Initiated by the German and Spanish governments, the German-Spanish Forum was held for the first time in 2002 in conjunction with the German president's visit to Madrid. The forum's goal is to bring together political, business, cultural and academic representatives from both countries to exchange views. It takes place once every two years in Spain and Germany and is accompanied by workshops held prior to and after the forum itself. Together with a number of partners in Spain, the Germany-based Bertelsmann Stiftung organizes the forum, providing conceptual and substantive input based on its wide-scale strategic understanding of European policy and its diverse activities in Spain. Given current challenges in German-Spanish relations, the business community needs to exhibit a high level of corporate responsibility by promoting innovation, growth, education and employment, an effort that demands closer cooperation between the two countries. After France, Germany is Spain's most important trading partner and, in terms of Spanish imports, even surpasses France. German-Spanish relations will therefore play a key role in overcoming the current European crisis.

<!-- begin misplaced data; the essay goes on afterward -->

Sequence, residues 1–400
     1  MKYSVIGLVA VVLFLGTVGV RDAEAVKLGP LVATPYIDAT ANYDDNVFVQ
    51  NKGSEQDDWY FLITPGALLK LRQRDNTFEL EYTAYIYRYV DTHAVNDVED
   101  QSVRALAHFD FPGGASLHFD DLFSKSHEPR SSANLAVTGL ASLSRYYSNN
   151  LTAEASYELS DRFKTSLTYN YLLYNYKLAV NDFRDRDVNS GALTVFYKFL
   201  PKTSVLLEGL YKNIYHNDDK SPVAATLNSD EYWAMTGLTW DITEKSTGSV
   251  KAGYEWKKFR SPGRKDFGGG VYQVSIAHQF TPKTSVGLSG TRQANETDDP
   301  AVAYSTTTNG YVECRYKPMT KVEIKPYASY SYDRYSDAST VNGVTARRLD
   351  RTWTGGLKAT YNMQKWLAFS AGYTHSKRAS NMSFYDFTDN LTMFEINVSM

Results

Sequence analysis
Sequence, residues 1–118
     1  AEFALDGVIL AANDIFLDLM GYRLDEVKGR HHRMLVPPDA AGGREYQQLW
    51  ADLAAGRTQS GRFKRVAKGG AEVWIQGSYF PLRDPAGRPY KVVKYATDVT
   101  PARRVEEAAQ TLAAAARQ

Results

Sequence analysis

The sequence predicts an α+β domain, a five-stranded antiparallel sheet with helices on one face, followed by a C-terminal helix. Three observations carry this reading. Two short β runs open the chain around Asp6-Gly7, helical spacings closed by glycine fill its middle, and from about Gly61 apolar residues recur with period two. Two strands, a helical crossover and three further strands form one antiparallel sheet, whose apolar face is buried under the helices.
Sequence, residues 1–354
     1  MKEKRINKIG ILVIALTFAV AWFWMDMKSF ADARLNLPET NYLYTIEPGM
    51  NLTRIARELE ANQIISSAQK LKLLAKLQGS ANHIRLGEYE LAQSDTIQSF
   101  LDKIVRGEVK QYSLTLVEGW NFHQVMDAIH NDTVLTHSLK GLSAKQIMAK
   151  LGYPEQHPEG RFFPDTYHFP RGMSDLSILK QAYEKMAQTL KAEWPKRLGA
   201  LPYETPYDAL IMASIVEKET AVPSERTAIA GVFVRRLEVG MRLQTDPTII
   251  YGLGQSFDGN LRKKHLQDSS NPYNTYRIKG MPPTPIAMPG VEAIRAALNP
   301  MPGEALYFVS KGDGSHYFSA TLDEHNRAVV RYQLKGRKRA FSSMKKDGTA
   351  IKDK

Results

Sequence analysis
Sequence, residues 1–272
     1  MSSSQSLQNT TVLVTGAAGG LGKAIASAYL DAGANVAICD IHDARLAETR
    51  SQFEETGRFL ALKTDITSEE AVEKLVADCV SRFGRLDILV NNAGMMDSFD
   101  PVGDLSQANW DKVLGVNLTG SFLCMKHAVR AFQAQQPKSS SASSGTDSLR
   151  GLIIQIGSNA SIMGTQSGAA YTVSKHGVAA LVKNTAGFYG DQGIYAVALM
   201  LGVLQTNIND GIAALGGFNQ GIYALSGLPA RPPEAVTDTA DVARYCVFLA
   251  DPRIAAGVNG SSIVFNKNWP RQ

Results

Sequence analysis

Within the European Union, the relationship between Spain and Germany is unique. Both are crucial economies in the European market, both have a special geographical position and both have a particular interest in European integration. For both countries as well, efforts to promote democracy and economic success are inextricably tied to Europe and the EU. Germany and Spain are important pillars of European culture and key players in the European market. The geographic locations of both countries are well suited to facilitating a strategic partnership and offer a solid foundation for collaborative efforts that further promote European integration. The two nations thus have a critical role to play as intermediaries in economic, political and cultural affairs, especially in Latin America and the Mediterranean, but also in Central and Eastern Europe, including Russia. Europe's future role and its economic prosperity – including that of its citizens – will depend on having a coordinated, well-designed strategy for dealing with these regions, which are part of the European cultural sphere.